People love to talk about zero-trust right now, for a number of reasons. It has the word “zero” in there, which has some history in the information security world (e.g., zero-day vulnerabilities). It’s also a simple and eye-catching phrase, so it fits well into product marketing exercises. Selling “zero-trust” as a solution suggests that all of your problems will just go away—your world is going to be super easy as soon as you don’t have to worry about trust anymore.
And that’s really the reason the term zero-trust bothers me. Because when it’s used by itself as its own noun—instead of as a modifying adjective to describe something else—then it’s essentially a false promise. Realistically, you can never have an environment without trust. In the most literal sense, achieving zero-trust would give you zero interactions—and nobody really wants that. Any networked organization needs to have some trust to function.
So what most people mean when they say “zero-trust” today is really the removal of implicit trust—because that’s what typically gets exploited. The classic example of this is a virtual private network (VPN). Let’s say I’m a remote employee. I connect to a VPN, it gives me an IP address on that other network, and I can then go everywhere that network allows me to go. That’s a lot of implicit trust, and attackers love to abuse that kind of freedom.
So, we need to start having conversations about new ways to reduce the risks that currently exist as a result of too much implicit trust—without a knee-jerk reaction in the opposite direction of a “no-trust-at-all” lockdown.
Context is the New Perimeter: Continuous and Adaptive Trust
When thinking about zero-trust networks, if we take away all of the implicit trust that comes with having an IP address and instead apply principles of continuous and adaptive trust, then we can start giving people access to only what they need, only when they need it and nothing else.
To get anything done, we need people to interact with resources and data. But that interaction doesn’t have to be all or nothing. Modern security should be able to give us the ability to continuously evaluate how much trust a user should get for each interaction based on a variety of contextual information. Not just who the user is, but also variables such as the quality of their device, where they are in the world and the sensitivity level of the data being requested. For some time, it’s been fashionable for folks to say, “Identity is the new perimeter.” Any project that aims to reduce implicit trust starts with a solid identity and access management (IAM) foundation. But in reality, identity is just one point in an array of contextual elements needed to effectively assess and grant trust.
Identity is pervasive. We can easily know who the human user is. We almost always know what the device is—if it possesses its own identity that we can verify. We can always know which applications and services are involved because they also possess identities. But it’s not enough for me to just authenticate to an app. The app also needs to authenticate to me, too, so I know I’m not interacting with something attempting to spoof my corporate secrets. (This is the idea behind identification and mutual authentication.)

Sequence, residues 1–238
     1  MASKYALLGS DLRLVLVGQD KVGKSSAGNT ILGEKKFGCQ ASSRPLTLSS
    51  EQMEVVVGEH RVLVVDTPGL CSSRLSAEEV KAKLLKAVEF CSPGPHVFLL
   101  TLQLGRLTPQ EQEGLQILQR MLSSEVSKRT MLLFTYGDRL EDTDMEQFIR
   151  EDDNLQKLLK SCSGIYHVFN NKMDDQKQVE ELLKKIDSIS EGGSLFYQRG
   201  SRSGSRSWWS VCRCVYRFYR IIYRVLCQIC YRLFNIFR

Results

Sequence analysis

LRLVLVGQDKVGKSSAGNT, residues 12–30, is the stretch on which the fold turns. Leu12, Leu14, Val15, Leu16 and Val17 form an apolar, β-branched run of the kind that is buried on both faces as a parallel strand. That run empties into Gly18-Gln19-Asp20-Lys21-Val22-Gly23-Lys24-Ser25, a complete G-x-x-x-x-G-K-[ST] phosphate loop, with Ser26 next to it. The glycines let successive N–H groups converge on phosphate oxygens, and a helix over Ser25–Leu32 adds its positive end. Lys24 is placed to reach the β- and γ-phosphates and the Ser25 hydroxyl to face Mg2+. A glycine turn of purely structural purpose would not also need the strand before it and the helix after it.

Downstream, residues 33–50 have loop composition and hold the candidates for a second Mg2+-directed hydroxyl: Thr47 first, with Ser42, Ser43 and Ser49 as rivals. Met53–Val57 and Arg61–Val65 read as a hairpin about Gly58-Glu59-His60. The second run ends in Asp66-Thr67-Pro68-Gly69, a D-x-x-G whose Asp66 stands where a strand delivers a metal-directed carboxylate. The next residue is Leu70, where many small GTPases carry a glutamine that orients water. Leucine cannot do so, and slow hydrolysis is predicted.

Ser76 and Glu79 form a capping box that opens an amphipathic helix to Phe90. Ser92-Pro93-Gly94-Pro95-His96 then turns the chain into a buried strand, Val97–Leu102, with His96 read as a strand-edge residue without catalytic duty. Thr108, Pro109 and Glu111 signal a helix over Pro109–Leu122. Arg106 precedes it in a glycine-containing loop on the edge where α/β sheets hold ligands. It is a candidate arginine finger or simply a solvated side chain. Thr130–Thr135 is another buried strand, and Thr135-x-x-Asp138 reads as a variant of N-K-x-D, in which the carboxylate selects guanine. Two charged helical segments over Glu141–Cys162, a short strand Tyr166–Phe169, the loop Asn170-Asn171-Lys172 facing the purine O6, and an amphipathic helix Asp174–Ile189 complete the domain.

So really, context is the new perimeter. If we can look at all of the contextual information surrounding an interaction, then we can make an intelligent decision about how much trust to extend under specific, confirmed circumstances. At the same time, we need to be able to continuously evaluate those conditions. If something within the context changes, then the trust level of these interactions may also need to change.
For example, if an administrator is performing an administrative function within a fairly normal set of circumstances (e.g., time, location, device), then they are allowed to perform a not-so-common admin function. But we don’t implicitly give them admin rights all the time—we elevate their privileges only when they’re performing admin functions in low-risk contexts. Another example would be an employee traveling in an area of the world that may be risky for certain types of data. If the user’s interaction begins with relatively innocuous data, that’s fine. But if they then move to interact with data that is confidential intellectual property, then, based on their physical location, we’re going to reduce their access to read-only in a browser—or maybe even restrict their access entirely.
The old ways of thinking about perimeters are no longer useful. In a modern, hyper-connected world there’s no longer a single data center, but instead, many centers of data. We need to implement mechanisms that can automatically assign just enough trust for the specific situation. Policy should follow the data no matter where it goes—and it should aim to offer the maximum access possible within the context of the business requirements. As part of this, the infosec team needs a modern makeover—from the “Department of No” to the “Department of Yes.”
While the simplicity of absolute zero-trust is enticing, the concept needs to be applied to something that’s a bit more complex—and ultimately more useful—for reducing risk in the real world. If it’s implemented correctly, a continuous adaptive trust model offers a truly people-centric approach to security—giving the right people the right level of access to the right information at the right time.